Some cool surface grinding photos:
Image by jurvetson
Behind the counter of an abandoned McDonalds lie 48,000 lbs of 70mm tape… the only copy of really higher-resolution photos of the moon.
These tapes have been recorded 40 years ago by Lunar Orbiter 1 to map the lunar surface to program landing spots for Apollo 11 onward. They have never been seen by the public due to the fact at the time, they were classified as they reveal the extreme precision of our spy satellites. Rather, all we have ever observed are the grainy photo-of-a-photo photos that have been released to the public.
The spacecraft did not ship this film back to Earth. As an alternative, they developed the film on the Lunar Orbiter and then raster scanned the negatives with a five micron spot (200 lines/millimeter resolution) and beamed the information back to Earth utilizing yet-to-be-patented-by-other individuals lossless analog compression. 3 ground stations on Earth (1 was in Madrid) recorded the transmissions on these magnetic tapes.
Recovering the information has established to be very challenging, requiring technological archeology. The only operating version of the Ampex tape player (0K when new) was found in a chicken coop and restored with the aid of the original designer. There is only one person on Earth who still refurbishes these tape heads, and he is retiring this year. The expertise to read this data archive are on the cusp of disappearing forever.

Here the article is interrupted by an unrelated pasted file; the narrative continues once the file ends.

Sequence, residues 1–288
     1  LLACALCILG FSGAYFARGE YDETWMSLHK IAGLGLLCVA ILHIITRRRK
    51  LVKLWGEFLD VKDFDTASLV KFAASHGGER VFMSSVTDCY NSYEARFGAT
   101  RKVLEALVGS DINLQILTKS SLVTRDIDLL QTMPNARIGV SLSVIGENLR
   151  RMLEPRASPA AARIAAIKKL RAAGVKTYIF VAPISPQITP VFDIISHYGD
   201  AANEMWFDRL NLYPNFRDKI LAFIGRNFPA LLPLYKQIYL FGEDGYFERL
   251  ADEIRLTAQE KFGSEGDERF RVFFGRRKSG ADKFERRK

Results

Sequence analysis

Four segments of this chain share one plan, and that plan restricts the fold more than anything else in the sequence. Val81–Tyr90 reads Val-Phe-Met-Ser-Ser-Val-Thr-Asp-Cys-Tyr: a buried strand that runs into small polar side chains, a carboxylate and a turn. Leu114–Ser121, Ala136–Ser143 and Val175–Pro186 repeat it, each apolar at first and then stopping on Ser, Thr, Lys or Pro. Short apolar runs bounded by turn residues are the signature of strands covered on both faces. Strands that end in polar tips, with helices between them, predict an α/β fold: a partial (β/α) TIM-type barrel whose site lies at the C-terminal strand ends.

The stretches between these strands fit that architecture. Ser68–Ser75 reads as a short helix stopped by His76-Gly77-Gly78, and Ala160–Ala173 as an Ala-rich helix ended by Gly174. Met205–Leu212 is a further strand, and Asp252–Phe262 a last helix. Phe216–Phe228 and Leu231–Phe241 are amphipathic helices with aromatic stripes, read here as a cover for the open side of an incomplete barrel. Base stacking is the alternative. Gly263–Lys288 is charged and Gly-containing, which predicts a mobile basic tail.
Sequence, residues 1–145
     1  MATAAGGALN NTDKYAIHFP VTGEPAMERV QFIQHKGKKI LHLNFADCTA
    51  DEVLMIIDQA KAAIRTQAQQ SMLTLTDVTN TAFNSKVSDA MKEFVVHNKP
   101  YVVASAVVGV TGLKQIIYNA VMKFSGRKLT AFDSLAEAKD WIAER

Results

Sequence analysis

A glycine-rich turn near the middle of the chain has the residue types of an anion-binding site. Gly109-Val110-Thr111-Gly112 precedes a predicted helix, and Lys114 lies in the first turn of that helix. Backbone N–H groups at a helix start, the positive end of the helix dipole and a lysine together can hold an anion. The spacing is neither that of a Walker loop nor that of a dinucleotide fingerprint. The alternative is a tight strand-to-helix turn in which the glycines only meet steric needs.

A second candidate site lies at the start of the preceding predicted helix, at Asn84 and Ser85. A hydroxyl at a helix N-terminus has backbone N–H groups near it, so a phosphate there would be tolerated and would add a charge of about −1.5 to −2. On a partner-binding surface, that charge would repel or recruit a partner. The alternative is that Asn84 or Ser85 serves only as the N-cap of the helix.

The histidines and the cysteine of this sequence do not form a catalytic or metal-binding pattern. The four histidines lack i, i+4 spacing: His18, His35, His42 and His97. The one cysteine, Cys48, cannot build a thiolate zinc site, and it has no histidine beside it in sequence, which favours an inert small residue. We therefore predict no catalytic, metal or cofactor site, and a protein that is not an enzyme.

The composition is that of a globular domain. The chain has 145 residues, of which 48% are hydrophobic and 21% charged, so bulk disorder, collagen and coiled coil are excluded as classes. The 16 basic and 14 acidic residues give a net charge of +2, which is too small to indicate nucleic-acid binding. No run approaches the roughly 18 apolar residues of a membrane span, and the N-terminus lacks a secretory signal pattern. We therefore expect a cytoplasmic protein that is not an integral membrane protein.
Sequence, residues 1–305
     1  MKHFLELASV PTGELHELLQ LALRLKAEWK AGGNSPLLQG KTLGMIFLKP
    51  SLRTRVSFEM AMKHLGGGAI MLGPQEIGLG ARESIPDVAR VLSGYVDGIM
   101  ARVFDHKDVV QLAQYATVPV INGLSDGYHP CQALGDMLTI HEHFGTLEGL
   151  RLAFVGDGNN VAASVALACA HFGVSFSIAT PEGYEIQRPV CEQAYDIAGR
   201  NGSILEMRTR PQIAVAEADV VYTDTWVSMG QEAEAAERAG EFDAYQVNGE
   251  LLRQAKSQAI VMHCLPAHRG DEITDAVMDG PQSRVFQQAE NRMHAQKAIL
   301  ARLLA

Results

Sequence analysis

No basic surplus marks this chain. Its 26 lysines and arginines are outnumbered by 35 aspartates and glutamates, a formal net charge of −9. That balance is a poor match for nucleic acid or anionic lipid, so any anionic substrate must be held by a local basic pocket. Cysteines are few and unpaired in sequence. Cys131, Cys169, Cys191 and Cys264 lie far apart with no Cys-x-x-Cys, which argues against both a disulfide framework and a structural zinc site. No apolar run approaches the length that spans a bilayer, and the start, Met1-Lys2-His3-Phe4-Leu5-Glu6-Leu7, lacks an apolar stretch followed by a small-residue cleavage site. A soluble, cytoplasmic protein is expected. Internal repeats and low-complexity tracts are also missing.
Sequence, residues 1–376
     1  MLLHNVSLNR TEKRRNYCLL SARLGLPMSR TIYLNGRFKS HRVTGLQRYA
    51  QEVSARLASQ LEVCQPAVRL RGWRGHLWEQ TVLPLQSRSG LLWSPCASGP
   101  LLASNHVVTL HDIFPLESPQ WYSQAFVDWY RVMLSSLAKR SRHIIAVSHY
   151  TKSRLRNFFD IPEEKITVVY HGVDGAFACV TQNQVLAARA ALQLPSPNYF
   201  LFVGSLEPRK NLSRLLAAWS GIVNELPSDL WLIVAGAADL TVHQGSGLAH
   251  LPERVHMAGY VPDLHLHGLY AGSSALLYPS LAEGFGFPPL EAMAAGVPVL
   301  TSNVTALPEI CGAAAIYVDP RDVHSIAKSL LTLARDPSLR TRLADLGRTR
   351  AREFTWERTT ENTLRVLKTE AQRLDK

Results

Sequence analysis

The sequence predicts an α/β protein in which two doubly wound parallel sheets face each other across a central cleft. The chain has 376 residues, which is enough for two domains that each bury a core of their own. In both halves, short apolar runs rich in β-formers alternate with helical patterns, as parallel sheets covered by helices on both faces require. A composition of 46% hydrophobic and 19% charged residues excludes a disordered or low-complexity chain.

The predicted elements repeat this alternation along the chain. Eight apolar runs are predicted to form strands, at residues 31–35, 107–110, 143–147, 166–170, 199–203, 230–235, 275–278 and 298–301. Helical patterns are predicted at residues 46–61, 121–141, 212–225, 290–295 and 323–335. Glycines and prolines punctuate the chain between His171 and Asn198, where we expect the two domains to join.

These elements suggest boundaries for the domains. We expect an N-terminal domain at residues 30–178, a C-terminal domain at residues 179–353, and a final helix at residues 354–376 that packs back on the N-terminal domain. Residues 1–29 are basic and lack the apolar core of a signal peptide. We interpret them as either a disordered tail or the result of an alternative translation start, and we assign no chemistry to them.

Some of the applications of this project, beyond accessing the very best photos of the moon ever taken, are to appear for new landing websites for the new Google Lunar X-Prize robo-landers, and to examine the new craters on the moon today to 40 years ago, a measure of micrometeorite flux and danger to future lunar operations.
Toss on a Bicycle
Image by TimothyDavidGreenfield
Dry Mud Texture
Image by GrungeTextures
Closeup of dry soil.
This texture is provided free of charge of charge below a Inventive Commons Attribution Non-Commercial License with the situation that a credit (printed use) or a hyperlink (online use) is made to www.grungetextures.com. Thanks!
Have you created artwork making use of this texture? Post it in the Grunge Textures Showcase flickr group. We’d enjoy to see your operate.